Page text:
The Times notes that the sold-out gig at the Orpheum marked the halfway point of an 18-date international tour that launched in Las Vegas in January and wrapped up in Glasgow, Scotland, which has recently become the focal point of a trend dubbed Celtic noir because of homicide shows such as Shetland, whose first three seasons have become a Netflix sensation.

For the last two years, The Times proclaims, My Favorite Murder has been a permanent fixture atop the iTunes podcast charts, drawing up to 19 million listeners a month."

SMU selected the mustang as the school mascot in 1917. Peruna, a Shetland pony, made its debut in 1971. This photo shows Peruna IV in her pasture in 1948.

SMU selected the mustang as the school mascot in 1917. Peruna, a Shetland pony, made its debut in 1971. This photo shows Peruna IV in her pasture in 1948.

Laughead Photographers/SMU, DeGolyer Library/

Despite its often-gruesome subject matter, the show swells with humor, dark and otherwise. Its stories include the marginal and bizarre, such as the time that Peruna, the SMU mascot, killed another mascot.

SMU grads will find it hard to resist the item about Peruna, whose crime is described in typically winsome detail by My Favorite Murder co-hosts Kilgariff and Hardstark, who are rapidly becoming cult celebrities.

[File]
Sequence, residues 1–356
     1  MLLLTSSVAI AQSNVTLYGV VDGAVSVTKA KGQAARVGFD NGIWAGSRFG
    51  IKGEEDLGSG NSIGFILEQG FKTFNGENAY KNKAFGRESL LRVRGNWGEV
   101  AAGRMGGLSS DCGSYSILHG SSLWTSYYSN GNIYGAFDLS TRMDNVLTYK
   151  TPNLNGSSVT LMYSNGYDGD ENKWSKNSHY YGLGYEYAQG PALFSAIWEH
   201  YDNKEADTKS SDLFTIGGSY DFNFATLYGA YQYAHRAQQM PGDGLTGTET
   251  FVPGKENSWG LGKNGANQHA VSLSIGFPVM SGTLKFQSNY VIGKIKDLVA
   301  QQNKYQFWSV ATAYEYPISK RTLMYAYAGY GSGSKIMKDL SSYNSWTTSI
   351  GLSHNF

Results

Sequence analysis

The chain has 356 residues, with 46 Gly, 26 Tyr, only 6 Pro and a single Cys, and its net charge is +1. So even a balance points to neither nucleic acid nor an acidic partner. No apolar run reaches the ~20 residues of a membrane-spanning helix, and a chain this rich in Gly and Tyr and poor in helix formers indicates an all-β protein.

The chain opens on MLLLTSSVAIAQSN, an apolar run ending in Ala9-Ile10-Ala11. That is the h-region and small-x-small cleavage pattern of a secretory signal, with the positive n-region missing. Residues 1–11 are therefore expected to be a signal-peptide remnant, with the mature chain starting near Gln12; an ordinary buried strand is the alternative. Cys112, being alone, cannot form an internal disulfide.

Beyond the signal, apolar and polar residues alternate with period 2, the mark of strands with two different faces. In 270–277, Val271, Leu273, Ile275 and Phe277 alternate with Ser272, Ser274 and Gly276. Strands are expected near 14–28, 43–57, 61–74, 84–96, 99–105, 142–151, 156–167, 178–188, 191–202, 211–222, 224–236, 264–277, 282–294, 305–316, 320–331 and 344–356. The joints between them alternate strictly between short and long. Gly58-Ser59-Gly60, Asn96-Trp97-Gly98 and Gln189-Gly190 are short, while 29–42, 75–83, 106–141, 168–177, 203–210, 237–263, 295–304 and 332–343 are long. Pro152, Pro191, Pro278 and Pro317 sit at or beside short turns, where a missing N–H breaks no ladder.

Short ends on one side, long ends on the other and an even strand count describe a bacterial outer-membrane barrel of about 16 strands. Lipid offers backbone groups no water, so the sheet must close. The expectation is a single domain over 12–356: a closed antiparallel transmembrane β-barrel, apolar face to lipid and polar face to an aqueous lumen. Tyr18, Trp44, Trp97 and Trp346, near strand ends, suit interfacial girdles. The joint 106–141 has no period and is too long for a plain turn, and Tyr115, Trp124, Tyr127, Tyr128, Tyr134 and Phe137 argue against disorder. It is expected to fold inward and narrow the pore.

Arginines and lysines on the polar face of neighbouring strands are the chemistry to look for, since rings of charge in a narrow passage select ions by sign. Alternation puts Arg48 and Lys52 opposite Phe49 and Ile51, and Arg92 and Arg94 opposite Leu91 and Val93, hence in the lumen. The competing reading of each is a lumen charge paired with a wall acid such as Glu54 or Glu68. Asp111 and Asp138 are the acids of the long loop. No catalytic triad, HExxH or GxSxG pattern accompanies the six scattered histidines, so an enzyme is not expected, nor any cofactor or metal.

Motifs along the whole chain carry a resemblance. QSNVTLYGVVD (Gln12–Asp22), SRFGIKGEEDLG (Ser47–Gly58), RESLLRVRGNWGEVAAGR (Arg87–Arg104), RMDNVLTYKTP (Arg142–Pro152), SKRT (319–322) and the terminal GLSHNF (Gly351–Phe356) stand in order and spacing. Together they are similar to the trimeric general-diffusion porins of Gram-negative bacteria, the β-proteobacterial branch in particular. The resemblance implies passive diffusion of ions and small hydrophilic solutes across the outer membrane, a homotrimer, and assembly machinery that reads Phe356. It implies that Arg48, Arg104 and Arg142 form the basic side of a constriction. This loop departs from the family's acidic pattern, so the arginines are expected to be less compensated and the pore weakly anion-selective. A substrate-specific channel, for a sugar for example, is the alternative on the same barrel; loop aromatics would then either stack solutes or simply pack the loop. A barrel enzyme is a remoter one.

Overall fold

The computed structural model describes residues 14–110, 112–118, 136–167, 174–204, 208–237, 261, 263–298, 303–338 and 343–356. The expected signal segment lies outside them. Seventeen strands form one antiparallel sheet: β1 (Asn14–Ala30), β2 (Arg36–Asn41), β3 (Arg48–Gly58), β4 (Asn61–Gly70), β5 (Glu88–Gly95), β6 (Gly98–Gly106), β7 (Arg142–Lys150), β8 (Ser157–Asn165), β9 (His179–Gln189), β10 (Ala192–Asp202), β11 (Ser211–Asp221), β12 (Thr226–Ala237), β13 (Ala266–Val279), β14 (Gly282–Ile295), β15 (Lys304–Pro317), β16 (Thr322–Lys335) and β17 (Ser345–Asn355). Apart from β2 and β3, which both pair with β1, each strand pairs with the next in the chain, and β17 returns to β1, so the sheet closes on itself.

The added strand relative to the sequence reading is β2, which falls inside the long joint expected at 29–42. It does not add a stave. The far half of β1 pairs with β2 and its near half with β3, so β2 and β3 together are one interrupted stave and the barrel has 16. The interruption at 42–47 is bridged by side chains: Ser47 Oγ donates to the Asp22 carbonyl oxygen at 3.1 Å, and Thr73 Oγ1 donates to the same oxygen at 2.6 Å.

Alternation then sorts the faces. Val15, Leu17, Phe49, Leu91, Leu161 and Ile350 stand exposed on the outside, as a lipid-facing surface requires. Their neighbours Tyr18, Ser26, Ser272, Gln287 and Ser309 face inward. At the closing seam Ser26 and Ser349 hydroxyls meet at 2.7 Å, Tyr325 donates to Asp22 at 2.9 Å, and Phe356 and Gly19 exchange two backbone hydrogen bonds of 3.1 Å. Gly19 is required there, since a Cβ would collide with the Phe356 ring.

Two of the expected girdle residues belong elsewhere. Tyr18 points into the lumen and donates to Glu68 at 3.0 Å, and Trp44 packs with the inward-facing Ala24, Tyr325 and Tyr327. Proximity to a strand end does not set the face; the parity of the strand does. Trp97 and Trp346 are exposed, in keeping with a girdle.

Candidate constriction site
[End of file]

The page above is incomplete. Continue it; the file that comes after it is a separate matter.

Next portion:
"This one's called 'SMU: Home of the Murder Pony,' " reads a letter written to the hosts by one of their listeners.

"As a recent graduate of [SMU], I am obligated to tell you that our mascot is not the Herky Sea Snakes but the Mustangs, which is important because we are represented by Peruna the pony, the only mascot to ever murder another mascot."

So, millions of  listeners now know that Peruna is not the innocent symbol SMU's beloved horse might appear to be. Peruna's homicide, report the women of My Favorite Murder, unfolded in a game against the Fordham Rams. That had to have been a while ago, since SMU hasn't played Fordham for years. 

A 2011 post in the SMU Daily Campus ponies up more detail, noting that Peruna V, which danced and pranced from 1950 to 1965, really did kill the Fordham Ram: "The ram got too close and was killed instantly after one kick from Peruna. This would give SMU's mascot the reputation of being the most deadly."

Karen Kilgariff, left, and Georgia Hardstark host the podcast, My Favorite Murder, which has honed in on crimes with North Texas connections. 

Karen Kilgariff, left, and Georgia Hardstark host the podcast, My Favorite Murder, which has honed in on crimes with North Texas connections. 

EMILY BERL/NYT

My Favorite Murder is not immune from criticism or inquiries by social scientists trying to ferret out exactly why it's a monster hit. Most of the time, it goes way beyond the likes of Peruna, examining painfully real crimes that target real victims in horrendous ways.

"True crime is really more of a fantasy genre," Jean Murley, an associate professor of English at Queensborough Community College in New York, tells The Times. Murley once wrote a book about the public's curiosity with criminals. 

"This cavalier attitude that young, pretty white women are at great risk of being killed all the time," Murley opines, "just produces misplaced fear and anxiety."